“Having such examples definitely helps in giving musicians something to strive for,” says Baxendale, whose own CV includes two years in Germany where he played with the Berlin Big Band and composition studies with trumpeter Dave Douglas in New York. “It’s also significant that musicians like Ben and Jasmine have worked abroad – Ben in London; Jasmine in Mexico as well as New York and Connecticut – and brought the experience they’ve gained back to New Zealand to share with the next generation of players they’ve taught at the New Zealand School of Music.”
Wilcock, Baxendale and Lovell-Smith, whose compositions and arrangements on Sanctuary have been likened by reviewers to Vince Mendoza and Maria Schneider’s work, are keen to highlight other recent releases from New Zealand that are making waves at home and are deserving of international attention.
Saxophonist Lucien Johnson’s Wax///Wane earned him the Best Jazz Composer title at the APRA AMCOS Awards 2021. Cory Champion, who played drums on Johnson’s album, has a recording with his own group, Clear Path Ensemble, and pianist Jonathan Crayford’s Dark Light and saxophonist Nathan Haines’ The Poet’s Embrace are others to look out for.
“We’d all love to be touring our music internationally or welcoming visitors to Wellington Jazz Festival next year,” says Baxendale. “It’s uncertain if that’s going to be possible but if people can make it to New Zealand, they’ll hear a lot of good homegrown jazz.”
Sci-fi and jazz produce bold new album
Ben Wilcock (photo by Riley Claxton)
The Hyperion Cantos series of science fiction novels by American author Dan Simmons is the inspiration for the bold, stylistically varied new album by New Zealand-born pianist Ben Wilcock.
In a professional career spanning more than twenty years, Wilcock has played venues ranging from Glastonbury Festival, with soul singer Bella Kalolo, to the Jazz Bar in Edinburgh, with his own group. He has also toured with R&B singer Aaradnha and blues artist Chris Cain and played concerts with former Herbie Hancock reeds master Bennie Maupin and the hugely experienced American drummer Bob Moses.
Wilcock grew up in a musical family in Hamilton, NZ – his mother is a chorister, his father plays jazz and his brother Sam is a long-time session guitarist in London – and he was exposed to a wide variety of music throughout his childhood and teens.
The stylistic variation on The River Tethys is a result of this. Alongside the seven original pieces, Wilcock and his musicians reinvigorate the 1920s silent movie song La Rosita (later a favourite of Ben Webster and Coleman Hawkins), jazz standards Groovin’ High and Star Eyes and the traditional Irish slip jig The Butterfly.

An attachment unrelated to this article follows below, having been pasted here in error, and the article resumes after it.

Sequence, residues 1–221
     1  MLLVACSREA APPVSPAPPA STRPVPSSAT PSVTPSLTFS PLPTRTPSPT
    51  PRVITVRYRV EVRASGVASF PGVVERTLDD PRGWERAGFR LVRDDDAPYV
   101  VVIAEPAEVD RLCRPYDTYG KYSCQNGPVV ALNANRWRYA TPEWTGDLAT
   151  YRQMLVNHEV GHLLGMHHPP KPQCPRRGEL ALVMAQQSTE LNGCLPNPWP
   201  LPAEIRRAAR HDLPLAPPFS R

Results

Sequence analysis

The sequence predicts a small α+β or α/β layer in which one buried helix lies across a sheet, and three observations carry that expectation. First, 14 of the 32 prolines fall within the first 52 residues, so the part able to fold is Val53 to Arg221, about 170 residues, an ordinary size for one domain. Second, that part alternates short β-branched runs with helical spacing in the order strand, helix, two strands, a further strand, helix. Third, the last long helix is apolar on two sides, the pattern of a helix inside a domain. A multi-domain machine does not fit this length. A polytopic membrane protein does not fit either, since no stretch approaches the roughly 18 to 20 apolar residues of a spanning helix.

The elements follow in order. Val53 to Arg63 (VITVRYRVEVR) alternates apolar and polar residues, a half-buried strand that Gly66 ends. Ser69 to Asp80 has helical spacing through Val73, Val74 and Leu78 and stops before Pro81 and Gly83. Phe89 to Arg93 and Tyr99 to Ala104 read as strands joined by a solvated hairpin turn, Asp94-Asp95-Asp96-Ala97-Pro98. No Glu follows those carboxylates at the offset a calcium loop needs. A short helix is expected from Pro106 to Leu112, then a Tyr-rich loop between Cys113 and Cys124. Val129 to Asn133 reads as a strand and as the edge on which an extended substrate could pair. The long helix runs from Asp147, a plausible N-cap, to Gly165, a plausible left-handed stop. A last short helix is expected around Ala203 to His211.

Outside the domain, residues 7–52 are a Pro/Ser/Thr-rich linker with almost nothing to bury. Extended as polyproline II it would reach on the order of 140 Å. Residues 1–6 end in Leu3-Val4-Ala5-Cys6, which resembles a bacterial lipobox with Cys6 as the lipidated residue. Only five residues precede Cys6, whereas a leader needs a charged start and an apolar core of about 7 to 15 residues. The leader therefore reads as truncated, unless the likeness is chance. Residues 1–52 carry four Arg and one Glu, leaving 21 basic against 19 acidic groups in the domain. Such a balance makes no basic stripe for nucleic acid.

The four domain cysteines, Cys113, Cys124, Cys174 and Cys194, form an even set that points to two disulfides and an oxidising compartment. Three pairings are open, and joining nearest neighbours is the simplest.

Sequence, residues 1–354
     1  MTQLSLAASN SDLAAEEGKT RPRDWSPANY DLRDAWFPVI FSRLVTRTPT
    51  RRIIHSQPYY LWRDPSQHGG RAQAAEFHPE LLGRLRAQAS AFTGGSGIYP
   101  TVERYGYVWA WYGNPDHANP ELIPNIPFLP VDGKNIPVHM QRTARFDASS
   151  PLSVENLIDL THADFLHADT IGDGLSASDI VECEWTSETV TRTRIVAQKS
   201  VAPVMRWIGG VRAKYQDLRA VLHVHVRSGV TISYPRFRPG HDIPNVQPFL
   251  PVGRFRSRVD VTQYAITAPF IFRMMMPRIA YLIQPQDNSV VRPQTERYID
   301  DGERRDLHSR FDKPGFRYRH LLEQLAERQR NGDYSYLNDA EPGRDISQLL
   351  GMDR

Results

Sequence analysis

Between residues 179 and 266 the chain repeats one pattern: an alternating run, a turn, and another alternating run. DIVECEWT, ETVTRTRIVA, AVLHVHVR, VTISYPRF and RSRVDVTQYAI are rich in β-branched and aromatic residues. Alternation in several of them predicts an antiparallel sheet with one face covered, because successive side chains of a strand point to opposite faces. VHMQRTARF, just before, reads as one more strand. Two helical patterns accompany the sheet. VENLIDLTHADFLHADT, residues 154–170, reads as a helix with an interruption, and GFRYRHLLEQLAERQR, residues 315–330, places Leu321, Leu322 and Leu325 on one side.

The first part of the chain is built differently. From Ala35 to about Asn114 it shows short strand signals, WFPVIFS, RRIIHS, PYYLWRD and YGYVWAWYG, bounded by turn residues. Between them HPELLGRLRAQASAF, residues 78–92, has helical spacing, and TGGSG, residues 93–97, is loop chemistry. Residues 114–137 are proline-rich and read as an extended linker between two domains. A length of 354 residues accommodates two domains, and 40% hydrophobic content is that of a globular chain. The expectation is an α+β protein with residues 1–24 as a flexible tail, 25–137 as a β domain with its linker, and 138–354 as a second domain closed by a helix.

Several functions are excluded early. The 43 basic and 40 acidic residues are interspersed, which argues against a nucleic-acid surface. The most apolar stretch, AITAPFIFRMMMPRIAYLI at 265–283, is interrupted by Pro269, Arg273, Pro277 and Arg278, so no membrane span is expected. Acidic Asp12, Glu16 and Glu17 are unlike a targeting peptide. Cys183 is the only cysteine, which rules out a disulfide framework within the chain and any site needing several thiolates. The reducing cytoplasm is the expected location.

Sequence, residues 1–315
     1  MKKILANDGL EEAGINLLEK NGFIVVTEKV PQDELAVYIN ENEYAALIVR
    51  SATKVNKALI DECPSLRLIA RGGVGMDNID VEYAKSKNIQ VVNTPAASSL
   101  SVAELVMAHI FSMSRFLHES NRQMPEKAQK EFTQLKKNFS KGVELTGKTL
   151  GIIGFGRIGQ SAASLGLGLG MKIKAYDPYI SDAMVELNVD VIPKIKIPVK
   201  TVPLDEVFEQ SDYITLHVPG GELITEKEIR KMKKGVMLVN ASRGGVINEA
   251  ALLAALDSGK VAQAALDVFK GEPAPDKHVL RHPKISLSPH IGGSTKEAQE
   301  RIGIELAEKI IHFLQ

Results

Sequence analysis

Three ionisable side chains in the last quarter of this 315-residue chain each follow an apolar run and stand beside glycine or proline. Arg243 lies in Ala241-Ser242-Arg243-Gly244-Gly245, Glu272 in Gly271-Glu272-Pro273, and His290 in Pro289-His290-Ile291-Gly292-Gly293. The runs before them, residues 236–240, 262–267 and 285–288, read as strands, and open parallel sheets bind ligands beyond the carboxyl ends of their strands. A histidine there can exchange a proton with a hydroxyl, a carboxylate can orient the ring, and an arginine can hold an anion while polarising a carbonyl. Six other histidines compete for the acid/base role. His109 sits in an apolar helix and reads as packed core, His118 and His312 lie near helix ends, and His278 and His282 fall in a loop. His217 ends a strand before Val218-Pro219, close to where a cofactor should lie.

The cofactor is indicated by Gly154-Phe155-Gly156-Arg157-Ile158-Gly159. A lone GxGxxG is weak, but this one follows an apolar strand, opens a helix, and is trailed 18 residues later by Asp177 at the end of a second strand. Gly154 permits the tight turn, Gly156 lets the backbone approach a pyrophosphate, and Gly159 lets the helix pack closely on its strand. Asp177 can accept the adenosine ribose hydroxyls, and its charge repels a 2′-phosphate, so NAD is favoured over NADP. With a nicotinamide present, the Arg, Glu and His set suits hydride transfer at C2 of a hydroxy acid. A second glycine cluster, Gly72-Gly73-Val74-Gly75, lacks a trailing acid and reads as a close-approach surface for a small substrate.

“Each track on the album is based on different unique worlds explored by the various protagonists within the Hyperion saga,” says Wilcock. “We recorded the music and then each track was assigned to characters and scenes in the novels. I knew that musically this was going to be a meeting of old and new worlds, which is where the connection to the books comes in; distant worlds connected by a commonality. As we put the tracks together for the album it became clear which track suited which character or world.”
The album features Wilcock with his partner in Thick Records, Wellington-based Scottish drummer John Rae, bassist Dan Yeabsley and violinist Tristan Carter.
“All of the tracks on the album are 'one takes' because we wanted the recording to really capture a true collaborative improvisation,” he says. “Jazz and sci-fi don’t typically mix so, conceptually, this album has taken me in a new direction, and I hope listeners will feel that they are listening to something fresh and innovative.”
Wilcock launched The River Tethys during Wellington Jazz Festival in June 11; the album is set for release on August 13, 2021.
Saxophonist Lucien Johnson wins major jazz award
Lucien Johnson (publicity photo)
New Zealand saxophonist Lucien Johnson has won the Best Jazz Composition prize in the APRA AMCOS Jazz Awards for Blue Rain from his Wax///Wane album.
The awards are New Zealand's premier jazz awards and Johnson was also shortlisted in the Best Jazz Artist category following international praise for Wax///Wane, which was released in Europe on April 1.
The saxophonist, who spent much of his twenties living and working in and out of Paris, put together a set of compositions that reflect the natural surroundings of his life by the sea but also contain the energy and urgency of city living.